On Dec. 6, President Donald Trump took to his favorite medium outside of Twitter — television — to announce that Jerusalem would be recognized as Israel's capital. The decision will result in the relocation of the US embassy to the city, a controversial move that could violate international law.
Yet one of the biggest takeaways from Trump's speech wasn't actually related to what was said but how he said it: he slurred his way through his final thoughts. Many tweeted their thoughts on Trump's vocal issue, inspiring #DentureDonald and the new name of our country, "Unanasighs."
"God bless the Unanasighs." pic.twitter.com/KHwppBsKVq
— bobby finger (@bobbyfinger) December 6, 2017
What happened? Given Trump's age and diet, many factors appear to be at play. At 71, Trump is at risk for many vocal-affecting ailments from Parkinson's disease to dysarthria, a speech disorder resulting from weakened facial muscles as a result of brain damage caused by stroke, tumors, or chronic diseases like ALS or muscular dystrophy. Another factor is diet; an inflamed tongue — or glossitis — can sometimes cause slurring and can be attributed to "nutritional deficiencies" from a lack of iron, folic acid, and vitamin B12, according to the American Academy of Family Physicians. Given Trump's penchant for fast food, "nutritional deficiencies" that can inflame the tongue wouldn't be surprising. Another factor could be alcohol but, alas, Trump is a noted nondrinker.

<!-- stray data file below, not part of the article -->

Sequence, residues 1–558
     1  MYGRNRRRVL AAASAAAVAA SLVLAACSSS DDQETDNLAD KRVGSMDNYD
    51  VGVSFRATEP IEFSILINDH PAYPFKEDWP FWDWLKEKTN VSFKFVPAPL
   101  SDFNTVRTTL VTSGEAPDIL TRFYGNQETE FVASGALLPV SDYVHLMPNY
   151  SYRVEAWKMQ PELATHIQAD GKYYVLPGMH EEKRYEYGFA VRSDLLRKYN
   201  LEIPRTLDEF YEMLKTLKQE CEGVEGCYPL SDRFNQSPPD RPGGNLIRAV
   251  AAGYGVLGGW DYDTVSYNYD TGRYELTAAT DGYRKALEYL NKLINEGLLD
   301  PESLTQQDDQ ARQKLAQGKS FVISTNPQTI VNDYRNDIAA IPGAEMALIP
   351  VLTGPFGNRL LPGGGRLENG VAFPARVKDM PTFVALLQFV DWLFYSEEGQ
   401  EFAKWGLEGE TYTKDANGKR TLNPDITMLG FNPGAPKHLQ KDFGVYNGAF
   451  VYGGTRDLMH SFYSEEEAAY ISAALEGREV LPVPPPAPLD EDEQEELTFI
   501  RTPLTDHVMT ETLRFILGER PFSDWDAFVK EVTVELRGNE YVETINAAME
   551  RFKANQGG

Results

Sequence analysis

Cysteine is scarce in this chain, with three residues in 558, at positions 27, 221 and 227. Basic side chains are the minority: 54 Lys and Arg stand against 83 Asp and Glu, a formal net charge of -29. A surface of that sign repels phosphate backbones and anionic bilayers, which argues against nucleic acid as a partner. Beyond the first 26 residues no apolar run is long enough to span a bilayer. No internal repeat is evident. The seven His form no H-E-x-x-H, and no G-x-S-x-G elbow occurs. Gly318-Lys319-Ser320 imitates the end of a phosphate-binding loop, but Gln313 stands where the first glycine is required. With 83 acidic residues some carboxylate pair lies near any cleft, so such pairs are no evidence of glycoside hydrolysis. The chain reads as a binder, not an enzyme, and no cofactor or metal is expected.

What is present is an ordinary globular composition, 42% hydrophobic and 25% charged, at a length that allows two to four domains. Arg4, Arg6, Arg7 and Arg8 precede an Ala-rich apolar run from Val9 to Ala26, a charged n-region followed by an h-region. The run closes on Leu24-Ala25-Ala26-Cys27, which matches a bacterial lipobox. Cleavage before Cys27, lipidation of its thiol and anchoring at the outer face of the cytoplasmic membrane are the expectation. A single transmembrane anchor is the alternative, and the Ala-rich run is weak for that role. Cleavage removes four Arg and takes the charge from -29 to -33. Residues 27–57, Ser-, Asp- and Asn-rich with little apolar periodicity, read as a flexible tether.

Trump trying to keep his awful teeth in his mouth is whatever the opposite of ASMR is. pic.twitter.com/UcYp9H3g5b
— chris person (@Papapishu) December 6, 2017
The most probable reason is that his teeth just aren't real. As CNN found from speaking with speech language pathologist Michael de Riesthal, failing dentures were likely the culprit: de Riesthal noted the president's "working hard to speak" as the result of "having a denture fall or some other alternative explanation" related to a dental device or procedure acting out at an inopportune time.
Because this is a very pressing matter, White House spokesperson Raj Shah has spoken out on the matter in a conversation with the Los Angeles Times: Shah attributed the problem to a dry-mouth episode before noting that "the President is perfectly healthy." Take note, Trump teeth truthers.